What's most surprising is that you can actually visit the place in which he was slain by his co-senators - sort of.

The Largo di Torre Argentina is an open space within the very heart of Rome in which the foundations of the theatre and other buildings built on the land can still be seen and is impressive to see, especially considering the magnitude of history that occurred there.

Largo di Torre Argentina. From My 7 Favourite Ancient Sites in Rome

Parco degli Acquedotti

Possibly my favourite ancient site to visit in Rome, the Parco degli Acquedotti, is an outstanding monument that stretches from the edge of the old boundary of Rome out into the heat-drenched countryside, and it's a mouth opening and impressive site.

The Aqua Claudia construction was originally more than seventy kilometres in length. However, within the park itself, you'll only see a small part of the stone arches which carried water into rapidly growing city from around the year 50 AD onwards.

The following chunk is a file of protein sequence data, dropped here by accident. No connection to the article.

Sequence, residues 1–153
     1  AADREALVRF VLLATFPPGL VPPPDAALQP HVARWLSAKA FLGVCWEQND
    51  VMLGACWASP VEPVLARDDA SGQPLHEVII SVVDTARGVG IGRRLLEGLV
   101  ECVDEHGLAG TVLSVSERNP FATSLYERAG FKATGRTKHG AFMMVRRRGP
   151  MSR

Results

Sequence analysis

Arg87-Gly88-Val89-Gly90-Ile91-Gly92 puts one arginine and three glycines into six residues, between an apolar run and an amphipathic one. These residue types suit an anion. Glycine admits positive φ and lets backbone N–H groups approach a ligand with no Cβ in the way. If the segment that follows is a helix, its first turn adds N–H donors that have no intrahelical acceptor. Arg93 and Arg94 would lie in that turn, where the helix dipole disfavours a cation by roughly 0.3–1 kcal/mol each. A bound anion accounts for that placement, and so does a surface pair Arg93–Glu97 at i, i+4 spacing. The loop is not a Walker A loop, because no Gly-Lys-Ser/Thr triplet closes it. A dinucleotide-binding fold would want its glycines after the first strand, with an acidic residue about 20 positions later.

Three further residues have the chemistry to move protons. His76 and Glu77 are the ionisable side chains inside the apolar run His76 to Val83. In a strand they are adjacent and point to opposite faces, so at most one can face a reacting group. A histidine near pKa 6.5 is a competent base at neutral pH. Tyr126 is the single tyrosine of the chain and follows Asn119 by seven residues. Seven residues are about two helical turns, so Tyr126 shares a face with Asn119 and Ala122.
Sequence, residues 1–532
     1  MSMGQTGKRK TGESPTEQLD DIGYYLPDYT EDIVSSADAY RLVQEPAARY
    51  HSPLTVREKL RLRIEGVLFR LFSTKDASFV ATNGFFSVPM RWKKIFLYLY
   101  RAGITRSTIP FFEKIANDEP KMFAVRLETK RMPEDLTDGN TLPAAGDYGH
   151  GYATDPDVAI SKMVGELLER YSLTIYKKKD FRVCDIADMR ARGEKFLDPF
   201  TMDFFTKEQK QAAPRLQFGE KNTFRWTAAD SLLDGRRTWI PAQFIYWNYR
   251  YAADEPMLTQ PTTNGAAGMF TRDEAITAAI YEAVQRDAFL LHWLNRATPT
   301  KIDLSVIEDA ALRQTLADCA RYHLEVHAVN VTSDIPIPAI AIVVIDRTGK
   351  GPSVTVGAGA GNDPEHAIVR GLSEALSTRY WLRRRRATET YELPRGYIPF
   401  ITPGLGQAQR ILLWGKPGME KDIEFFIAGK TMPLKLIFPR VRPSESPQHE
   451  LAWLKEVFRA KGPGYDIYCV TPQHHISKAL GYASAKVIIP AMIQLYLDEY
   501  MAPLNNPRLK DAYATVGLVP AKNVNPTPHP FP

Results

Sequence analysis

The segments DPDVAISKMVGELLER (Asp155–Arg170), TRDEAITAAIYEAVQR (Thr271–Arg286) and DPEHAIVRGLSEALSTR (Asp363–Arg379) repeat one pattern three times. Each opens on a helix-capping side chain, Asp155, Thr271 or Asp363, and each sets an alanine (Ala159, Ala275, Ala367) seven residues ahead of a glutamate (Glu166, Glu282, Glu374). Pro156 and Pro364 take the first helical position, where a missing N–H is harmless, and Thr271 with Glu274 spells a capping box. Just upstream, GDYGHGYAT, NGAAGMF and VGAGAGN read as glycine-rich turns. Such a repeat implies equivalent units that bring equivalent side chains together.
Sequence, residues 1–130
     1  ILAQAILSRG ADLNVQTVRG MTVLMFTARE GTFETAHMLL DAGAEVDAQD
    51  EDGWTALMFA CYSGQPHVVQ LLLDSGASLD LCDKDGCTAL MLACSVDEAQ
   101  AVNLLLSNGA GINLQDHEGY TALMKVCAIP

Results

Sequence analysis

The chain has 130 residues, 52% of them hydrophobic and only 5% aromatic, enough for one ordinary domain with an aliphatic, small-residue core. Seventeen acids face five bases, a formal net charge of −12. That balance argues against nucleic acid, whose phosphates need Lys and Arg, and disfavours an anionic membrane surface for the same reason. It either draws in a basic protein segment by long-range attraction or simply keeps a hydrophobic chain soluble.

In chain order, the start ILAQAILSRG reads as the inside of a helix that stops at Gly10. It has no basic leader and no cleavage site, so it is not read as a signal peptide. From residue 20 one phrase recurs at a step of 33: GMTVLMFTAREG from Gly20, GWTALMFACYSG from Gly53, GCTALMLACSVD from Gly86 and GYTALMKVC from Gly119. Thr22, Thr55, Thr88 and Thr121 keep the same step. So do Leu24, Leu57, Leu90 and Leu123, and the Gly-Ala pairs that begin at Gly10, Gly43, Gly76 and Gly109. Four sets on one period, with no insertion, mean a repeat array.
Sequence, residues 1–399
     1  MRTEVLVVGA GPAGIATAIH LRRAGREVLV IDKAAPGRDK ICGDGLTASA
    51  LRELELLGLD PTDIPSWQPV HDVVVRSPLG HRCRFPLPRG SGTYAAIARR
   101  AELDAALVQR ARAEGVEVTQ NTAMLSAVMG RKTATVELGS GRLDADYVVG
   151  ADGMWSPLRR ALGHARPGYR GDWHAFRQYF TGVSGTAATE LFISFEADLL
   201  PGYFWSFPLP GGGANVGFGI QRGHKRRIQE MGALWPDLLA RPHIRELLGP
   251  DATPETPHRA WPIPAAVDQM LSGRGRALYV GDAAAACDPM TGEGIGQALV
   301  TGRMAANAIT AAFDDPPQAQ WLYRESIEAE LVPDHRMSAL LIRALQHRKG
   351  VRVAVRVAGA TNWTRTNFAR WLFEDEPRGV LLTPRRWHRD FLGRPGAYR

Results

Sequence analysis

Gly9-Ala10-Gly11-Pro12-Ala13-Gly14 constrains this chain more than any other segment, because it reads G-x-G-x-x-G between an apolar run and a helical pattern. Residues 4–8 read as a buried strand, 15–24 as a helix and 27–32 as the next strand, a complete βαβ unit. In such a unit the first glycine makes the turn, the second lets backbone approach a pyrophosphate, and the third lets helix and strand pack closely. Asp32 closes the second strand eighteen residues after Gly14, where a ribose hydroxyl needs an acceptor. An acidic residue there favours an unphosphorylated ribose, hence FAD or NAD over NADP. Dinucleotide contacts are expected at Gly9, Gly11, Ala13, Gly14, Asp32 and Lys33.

What I loved most about this particular monument wasn't the bewildering fact that it's still standing today, instead, it's how peaceful the area is to walk around. Many people meet there for quiet walks together or to go jogging during the less hot hours of the day, and I personally loved watching the local Romans enjoying their peaceful surroundings. It made for such a refreshing change to see only two tourists there - Franca and myself!

Parco degli Acquedotti. From My 7 Favourite Ancient Sites in Rome

More Ancient Sites To Visit

When a city is more than 2000 years old, it's not entirely surprising to find that when your visit is over, you look over the list of things you wanted to see and realise that you've barely scratched the surface of the sights worth seeing. There's the Palace of Augustus that has recently reopened to the public that I'd love to see in the next year or so, not forgetting the Forum which I've somehow managed to never see even after four or five visits to the city.

Maybe one day, I'll be able to share a few more interesting ancient sites I can recommend you to visit, but for now I hope you enjoy these seven of my personal favourites.

Which is your favourite ancient site in Rome?



Dale Davies is a freelance travel writer who's been travelling full-time since the summer of 2012 together with his partner Franca Calabretta.



All photos courtesy and copyright Dale Davies



Note: this article was originally published in 2015 and updated in 2019.